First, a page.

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Friday, September 16, 2005

Limiting our freedoms

Personally, I have grave reservations about a number of the measures being proposed by the Home Secretary to tackle terrorism.

As Simon Titley said in a recent post, there is a fallacy parroted endlessly by New Labour's ministers that "public security and civil liberties exist in inverse proportion and that, if we want to protect one, we must sacrifice the other. As I said in an earlier posting, this notion of a trade-off recalls that infamous declaration, "In order to save the village, it was necessary to destroy it.

"There are two other fallacies at work; that our basic liberties are the gift of the government, to be granted or withdrawn at will, and that whenever terrorists attack, the first thing we need is more laws. The usual motive behind such demands for new repressive legislation is either administrative convenience or a desire to create a bogus impression of action, and often both.

No-one has made a convincing case that our existing liberties make us more vulnerable or that "eroding" them will solve the problem of terrorism. All that such eroding would do is hand victory to the terrorists on a plate. Our civil liberties are not some expendable ornament bolted-on to our society; they are our society."

The proposal to introduce a new offence of encouraging and glorifying terrorism falls into this trap. It involves two offences both carrying a jail sentence of up to seven years and covers published statements, including internet ones, which amount to the "direct or indirect encouragement" of terrorist acts or those which "glorify, exalt, or celebrate" such acts. It does not cover statements on events of more than 20 years ago. Some events are absent from the limit, 9/11 is "listed", the 1916 Easter Rising is not.

This one exception underlines how absurd the new law is. In its time the 1916 Easter Rising was considered to be a major act of terrorism, so much so that 14 of the 16 ring-leaders were executed. Now, the British state has caught up with the Irish view that it was an historic act that directly led to the setting up of the modern Irish State. History is full of examples of terrorists that have since been accepted as mainstream politicians by the establishment. As Shami Chakrabarti, the director of Liberty, says the offence of "glorification" is so broad it means the Home Secretary is now acquiring powers to determine which historical figures are terrorists and which freedom fighters.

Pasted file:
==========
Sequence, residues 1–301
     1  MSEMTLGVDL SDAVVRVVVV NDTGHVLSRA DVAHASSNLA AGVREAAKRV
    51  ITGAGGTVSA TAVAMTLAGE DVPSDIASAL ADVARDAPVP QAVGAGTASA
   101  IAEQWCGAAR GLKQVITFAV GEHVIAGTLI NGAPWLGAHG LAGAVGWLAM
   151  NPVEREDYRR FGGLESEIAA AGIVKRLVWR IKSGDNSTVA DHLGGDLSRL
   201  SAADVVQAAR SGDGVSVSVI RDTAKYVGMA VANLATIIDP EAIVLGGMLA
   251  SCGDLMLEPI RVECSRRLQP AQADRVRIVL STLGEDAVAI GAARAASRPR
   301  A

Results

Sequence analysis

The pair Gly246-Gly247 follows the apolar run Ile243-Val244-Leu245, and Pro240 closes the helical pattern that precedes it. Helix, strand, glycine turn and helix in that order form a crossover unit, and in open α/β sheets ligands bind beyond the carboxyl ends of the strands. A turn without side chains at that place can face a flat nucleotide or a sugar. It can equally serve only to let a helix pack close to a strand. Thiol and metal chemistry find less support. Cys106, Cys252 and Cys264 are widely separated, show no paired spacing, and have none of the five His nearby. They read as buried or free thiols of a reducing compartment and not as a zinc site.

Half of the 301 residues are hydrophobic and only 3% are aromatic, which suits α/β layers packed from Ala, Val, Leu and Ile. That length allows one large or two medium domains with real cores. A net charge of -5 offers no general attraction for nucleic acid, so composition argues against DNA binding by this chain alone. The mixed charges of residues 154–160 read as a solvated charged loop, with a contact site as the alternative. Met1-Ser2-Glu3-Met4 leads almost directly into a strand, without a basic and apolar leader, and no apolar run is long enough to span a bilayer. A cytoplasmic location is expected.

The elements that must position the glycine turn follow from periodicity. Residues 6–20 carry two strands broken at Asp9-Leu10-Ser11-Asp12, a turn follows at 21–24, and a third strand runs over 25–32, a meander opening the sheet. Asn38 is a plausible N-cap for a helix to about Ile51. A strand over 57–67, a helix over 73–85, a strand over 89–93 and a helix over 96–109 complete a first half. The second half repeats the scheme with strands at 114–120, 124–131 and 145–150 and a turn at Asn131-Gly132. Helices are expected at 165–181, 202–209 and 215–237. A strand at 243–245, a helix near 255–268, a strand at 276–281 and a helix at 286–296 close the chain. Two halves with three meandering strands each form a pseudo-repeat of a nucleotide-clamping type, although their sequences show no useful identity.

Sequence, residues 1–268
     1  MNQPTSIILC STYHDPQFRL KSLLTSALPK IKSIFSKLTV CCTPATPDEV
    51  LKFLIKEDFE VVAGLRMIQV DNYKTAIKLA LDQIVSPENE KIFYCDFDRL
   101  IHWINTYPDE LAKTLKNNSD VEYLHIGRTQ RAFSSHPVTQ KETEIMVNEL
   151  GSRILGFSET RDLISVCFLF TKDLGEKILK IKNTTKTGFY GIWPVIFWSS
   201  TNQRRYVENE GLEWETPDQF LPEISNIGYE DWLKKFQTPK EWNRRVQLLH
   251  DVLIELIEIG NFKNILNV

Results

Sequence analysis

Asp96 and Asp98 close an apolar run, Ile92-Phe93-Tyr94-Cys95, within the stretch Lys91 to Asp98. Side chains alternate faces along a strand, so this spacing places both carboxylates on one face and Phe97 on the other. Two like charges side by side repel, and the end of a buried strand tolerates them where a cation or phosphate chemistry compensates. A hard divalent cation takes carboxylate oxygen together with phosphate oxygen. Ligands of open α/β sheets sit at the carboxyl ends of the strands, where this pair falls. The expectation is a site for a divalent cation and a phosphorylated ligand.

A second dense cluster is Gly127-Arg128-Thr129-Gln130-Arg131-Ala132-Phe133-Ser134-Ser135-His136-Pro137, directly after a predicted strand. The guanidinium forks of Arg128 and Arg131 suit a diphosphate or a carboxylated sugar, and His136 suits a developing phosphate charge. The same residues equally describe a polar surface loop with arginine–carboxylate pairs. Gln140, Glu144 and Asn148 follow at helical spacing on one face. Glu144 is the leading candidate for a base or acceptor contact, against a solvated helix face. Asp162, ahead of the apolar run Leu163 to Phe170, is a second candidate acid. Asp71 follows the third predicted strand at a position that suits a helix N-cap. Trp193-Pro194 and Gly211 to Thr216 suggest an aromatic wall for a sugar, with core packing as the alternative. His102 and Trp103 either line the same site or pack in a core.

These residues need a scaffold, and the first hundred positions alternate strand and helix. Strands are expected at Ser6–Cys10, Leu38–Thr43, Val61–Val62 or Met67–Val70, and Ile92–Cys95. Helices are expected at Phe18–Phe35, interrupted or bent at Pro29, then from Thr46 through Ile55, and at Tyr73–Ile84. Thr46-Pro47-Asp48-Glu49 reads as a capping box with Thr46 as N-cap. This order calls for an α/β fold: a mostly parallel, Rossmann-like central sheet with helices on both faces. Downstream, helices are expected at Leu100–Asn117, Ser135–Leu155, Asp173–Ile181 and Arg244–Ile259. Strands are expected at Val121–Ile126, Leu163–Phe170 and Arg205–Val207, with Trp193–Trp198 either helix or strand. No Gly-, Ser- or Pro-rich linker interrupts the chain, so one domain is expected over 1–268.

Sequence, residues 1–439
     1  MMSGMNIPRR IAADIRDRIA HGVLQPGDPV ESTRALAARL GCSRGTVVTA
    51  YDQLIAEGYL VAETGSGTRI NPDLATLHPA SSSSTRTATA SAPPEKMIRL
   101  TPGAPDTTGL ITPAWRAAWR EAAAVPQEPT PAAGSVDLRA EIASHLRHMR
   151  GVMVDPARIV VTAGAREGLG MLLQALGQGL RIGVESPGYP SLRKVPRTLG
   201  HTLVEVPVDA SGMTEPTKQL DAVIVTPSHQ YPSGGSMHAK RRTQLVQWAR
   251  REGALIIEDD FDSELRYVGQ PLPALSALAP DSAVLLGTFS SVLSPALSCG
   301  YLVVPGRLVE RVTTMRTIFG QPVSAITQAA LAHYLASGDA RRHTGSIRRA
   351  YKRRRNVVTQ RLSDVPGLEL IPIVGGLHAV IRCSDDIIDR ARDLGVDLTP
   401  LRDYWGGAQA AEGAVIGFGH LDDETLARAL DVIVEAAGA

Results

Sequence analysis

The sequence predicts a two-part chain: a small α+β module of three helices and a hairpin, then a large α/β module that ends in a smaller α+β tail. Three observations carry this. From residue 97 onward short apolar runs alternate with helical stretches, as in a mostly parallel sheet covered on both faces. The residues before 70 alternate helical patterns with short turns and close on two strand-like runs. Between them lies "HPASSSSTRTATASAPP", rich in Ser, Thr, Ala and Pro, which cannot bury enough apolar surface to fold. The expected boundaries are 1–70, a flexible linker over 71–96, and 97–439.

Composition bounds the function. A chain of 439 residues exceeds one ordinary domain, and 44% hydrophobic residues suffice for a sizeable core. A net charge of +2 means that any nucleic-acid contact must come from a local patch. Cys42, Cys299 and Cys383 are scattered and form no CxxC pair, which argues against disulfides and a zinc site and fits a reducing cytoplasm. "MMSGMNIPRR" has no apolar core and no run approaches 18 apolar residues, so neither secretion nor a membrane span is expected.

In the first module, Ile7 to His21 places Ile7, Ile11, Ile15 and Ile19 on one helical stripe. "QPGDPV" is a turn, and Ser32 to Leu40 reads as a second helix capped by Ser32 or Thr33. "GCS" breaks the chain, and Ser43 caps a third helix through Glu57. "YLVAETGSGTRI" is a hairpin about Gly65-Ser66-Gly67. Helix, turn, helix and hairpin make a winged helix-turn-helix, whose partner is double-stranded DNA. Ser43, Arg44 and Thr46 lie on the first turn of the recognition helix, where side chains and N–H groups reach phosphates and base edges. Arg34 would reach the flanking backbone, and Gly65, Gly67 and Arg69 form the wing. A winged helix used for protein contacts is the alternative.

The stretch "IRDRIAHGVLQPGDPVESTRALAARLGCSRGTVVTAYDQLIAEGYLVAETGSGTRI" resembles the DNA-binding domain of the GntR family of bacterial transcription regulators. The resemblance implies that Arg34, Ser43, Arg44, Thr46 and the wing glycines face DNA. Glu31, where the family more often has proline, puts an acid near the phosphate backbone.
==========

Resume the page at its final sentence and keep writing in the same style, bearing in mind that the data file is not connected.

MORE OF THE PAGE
Although, I cannot forsee a time when 9/11 or the London bombings of 7 July will ever be considered in the same way as the Easter rising, they will inevitably form part of history courses at some time in the future. Will the objective discussion of them (if such a thing is possible) be hampered by this proposed legislation? More to the point, should democratic Governments legislate to restrict thought and the freedom to express it?

Nobody wants to see terrorist acts glorified or encouraged, however the way that this offence is defined is crucial. It can be pretty wide-ranging and certainly open to wide interpretation. It could be used to restrict legitimate dissent. For example, the Government may seek to imprison or deport people whose views it believes are unacceptable, but who have no direct or apparent connection with terrorism or that sort of extremism whatsoever. Would a demonstration (no matter how small or misguided) in support of those people fall foul of this law? Will opposition to some anti-terrorism measures be an offence? And how exactly do they propose to police the internet?

In responding to terrorism by restricting our liberties the government is handing victory to the terrorists. They are allowing terrorist acts to define the sort of society we live in. In such circumstances surely the Home Secretary should be prosecuted under his own legislation.
Of course, when Charles Clarke was Education Secretary, he revealed his contempt for historians. Perhaps the two are linked?
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